Recently a case was decided against an independent pharmacy and in favor of Express Scripts (ESI) holding that a PBM could terminate a pharmacy for misrepresenting information on its re-credentialing application.
To summarize, Express Scripts (ESI) terminated HM Compounding pharmacy from its pharmacy provider network for misrepresenting during a re-credentialing process that it never waived or discounted member copayments. HM sued ESI asserting various statutory and common law claims against ESI. ESI moved to dismiss arguing that the pharmacy breached its Pharmacy Provider Agreement and Network Provider Manual (Agreement). Namely, HM breached Section 2.4 of the Agreement:
“Provider shall collect from Members the lesser of the Usual and Customary Retail Price amount or the applicable Copayment indicated by ESI, or when applicable, the full Copayment when indicated by ESI, through its online processing system or if online processing is unavailable, in accordance with the Provider Manual. Copayments may not be waived or discounted and, unless directed by ESI in writing, Provider shall not collect any greater amount or any other taxes, fees, surcharges or compensation from any Member for any Covered Medications or services provided in connection therewith. In no event will ESI be liable for any Copayment.”
With regard to the collection of co-payments, the Provider Manual stated that
“Provider may not institute Member copayment discount programs or otherwise alter a Member Copayment, unless such waiver or discount is required by law. If [ESI] becomes aware of an copayment or cost-sharing discounts being offered by Provider – either through audit, investigation, Member statements, or review of provider’s website or other advertising materials – provider may be subject to immediate termination.”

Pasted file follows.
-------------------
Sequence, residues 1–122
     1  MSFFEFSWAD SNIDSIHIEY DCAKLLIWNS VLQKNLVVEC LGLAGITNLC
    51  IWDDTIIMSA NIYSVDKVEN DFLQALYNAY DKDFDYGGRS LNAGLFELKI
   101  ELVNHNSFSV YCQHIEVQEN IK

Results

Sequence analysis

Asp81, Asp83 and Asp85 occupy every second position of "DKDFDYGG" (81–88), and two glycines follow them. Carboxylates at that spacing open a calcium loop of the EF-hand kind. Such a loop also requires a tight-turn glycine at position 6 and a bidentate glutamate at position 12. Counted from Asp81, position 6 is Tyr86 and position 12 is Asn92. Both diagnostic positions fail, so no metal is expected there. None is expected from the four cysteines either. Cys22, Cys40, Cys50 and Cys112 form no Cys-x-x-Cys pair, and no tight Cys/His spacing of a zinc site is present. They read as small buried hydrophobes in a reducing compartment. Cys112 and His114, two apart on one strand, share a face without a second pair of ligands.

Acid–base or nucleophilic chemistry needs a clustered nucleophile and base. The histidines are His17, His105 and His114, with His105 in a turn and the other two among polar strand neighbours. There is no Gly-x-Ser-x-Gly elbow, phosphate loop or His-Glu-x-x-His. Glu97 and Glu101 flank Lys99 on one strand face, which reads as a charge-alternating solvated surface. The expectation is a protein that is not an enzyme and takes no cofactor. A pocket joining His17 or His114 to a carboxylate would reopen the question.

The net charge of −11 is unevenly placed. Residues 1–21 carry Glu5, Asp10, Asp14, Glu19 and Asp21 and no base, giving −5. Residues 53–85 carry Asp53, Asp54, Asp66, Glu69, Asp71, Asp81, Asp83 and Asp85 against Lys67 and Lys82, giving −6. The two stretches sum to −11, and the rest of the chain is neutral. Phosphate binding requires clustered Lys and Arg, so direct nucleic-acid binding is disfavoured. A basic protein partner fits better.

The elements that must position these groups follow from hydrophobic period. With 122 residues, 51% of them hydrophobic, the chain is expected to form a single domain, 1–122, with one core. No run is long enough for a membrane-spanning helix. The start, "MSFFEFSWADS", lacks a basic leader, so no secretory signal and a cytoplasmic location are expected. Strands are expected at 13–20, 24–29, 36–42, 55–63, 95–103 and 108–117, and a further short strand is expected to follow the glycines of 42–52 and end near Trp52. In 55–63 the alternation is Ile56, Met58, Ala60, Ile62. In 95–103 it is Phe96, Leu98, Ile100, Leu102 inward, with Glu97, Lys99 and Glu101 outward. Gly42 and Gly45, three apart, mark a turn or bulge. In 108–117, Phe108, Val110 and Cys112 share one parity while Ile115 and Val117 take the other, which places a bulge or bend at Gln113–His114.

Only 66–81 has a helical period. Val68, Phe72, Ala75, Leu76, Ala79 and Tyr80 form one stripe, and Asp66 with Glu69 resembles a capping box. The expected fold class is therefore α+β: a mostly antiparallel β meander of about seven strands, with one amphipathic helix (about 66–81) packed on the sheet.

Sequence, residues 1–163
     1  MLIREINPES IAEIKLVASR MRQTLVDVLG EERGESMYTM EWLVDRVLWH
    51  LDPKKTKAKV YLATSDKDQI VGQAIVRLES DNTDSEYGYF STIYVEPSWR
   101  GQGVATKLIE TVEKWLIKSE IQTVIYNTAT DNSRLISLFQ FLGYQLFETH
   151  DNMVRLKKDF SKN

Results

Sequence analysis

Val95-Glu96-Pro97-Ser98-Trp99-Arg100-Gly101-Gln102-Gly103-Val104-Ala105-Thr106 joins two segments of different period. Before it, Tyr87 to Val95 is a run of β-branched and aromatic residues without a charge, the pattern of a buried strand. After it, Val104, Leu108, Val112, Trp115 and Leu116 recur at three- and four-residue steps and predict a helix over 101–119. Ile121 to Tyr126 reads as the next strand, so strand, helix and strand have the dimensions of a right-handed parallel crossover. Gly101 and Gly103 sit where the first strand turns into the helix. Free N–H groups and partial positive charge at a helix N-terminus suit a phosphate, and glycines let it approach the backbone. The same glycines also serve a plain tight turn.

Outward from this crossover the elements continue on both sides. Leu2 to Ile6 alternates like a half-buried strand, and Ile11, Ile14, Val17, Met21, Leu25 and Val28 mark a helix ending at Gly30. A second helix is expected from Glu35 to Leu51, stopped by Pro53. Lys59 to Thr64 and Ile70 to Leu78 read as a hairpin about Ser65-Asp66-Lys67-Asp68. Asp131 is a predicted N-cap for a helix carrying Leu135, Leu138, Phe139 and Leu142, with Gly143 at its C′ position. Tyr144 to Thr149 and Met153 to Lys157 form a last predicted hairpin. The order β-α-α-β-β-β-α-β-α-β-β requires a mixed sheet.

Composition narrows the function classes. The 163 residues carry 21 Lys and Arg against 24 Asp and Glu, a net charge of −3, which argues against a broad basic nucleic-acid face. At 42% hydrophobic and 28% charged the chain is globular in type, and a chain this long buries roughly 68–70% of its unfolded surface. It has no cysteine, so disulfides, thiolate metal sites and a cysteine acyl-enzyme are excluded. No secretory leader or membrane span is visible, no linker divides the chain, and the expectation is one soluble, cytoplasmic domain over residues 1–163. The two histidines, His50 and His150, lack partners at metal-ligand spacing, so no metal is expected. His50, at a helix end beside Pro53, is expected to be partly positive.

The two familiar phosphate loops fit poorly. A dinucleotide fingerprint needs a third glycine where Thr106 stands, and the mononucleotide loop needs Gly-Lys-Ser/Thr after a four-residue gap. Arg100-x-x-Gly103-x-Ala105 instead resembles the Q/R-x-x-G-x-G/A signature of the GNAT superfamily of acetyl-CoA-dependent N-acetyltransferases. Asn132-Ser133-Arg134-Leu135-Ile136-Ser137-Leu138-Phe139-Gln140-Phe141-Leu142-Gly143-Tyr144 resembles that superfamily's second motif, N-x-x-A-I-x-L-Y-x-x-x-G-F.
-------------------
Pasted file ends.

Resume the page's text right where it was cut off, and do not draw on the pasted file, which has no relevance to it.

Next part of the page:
HM argued that even if it did violate certain contractual provisions, it was entitled to a notice and hearing as specified in the Agreement. Specifically, ESI’s July 31, 2014 termination letter failed to include a statement regarding HM’s right to obtain the reasons for termination, right to a hearing, and right to obtain procedures for exercising those rights. HM also argued the termination letter gave only one reason as the basis for termination, i.e., that HM failed to accurately answer Question 29 of the credentialing questionnaire regarding the “collection of copayments”, and failed to provide HM with all of the reasons for termination upon which it relied.
Question 29 of the Provider Certification asked:
“Do you or your pharmacy(ies) ever waive or offer a reduction of member copayments? If Yes, please provide a copy of your written policy relating to the waiver/reduction of copayments.” HM answered “No.”
ESI investigation, however, showed that HM often did not collect copayments from the patients, which was confirmed during the discovery stage of the litigation. During the litigation, HM presented an expert opinion showing that many compounding pharmacies do not collect copays. The court held:
“While industry standards may be relevant on this issue, the parties here are sophisticated business entities who mutually negotiated and agreed to the specific language of their Agreement that “Provider shall collect from Members… the applicable copayment,” and giving ESI an immediate right to terminate the Agreement for HM’s failure to do so. Based on the record evidence, the Court finds and concludes that HM failed to substantially comply with its contractual obligation to collect copayments, thereby breaching the Provider Agreement.”
The evidence established that HM breached the Provider Agreement by failing to collect copayments and by submitting manipulated U&C cash prices for reimbursement. Because HM breached the Agreement, ESI had a contractual right to immediately terminate HM.
This case highlights the importance of collecting copayments and paying attention to what exactly re-credentialing application asks. All third party payors require that participating pharmacies collect copays. If a pharmacy does not collect copays, if should have a financial hardship policy and strictly follow the procedure on when copays may be waived. Our firm represented a pharmacy, which not only faced a multi-million PBM recoupment based on a failure to collect copays but also a criminal investigation. When PBMs identify that a pharmacy was waiving co-pays – which is considers a kickback to attract business – very often it refers the case to the Department of Justice.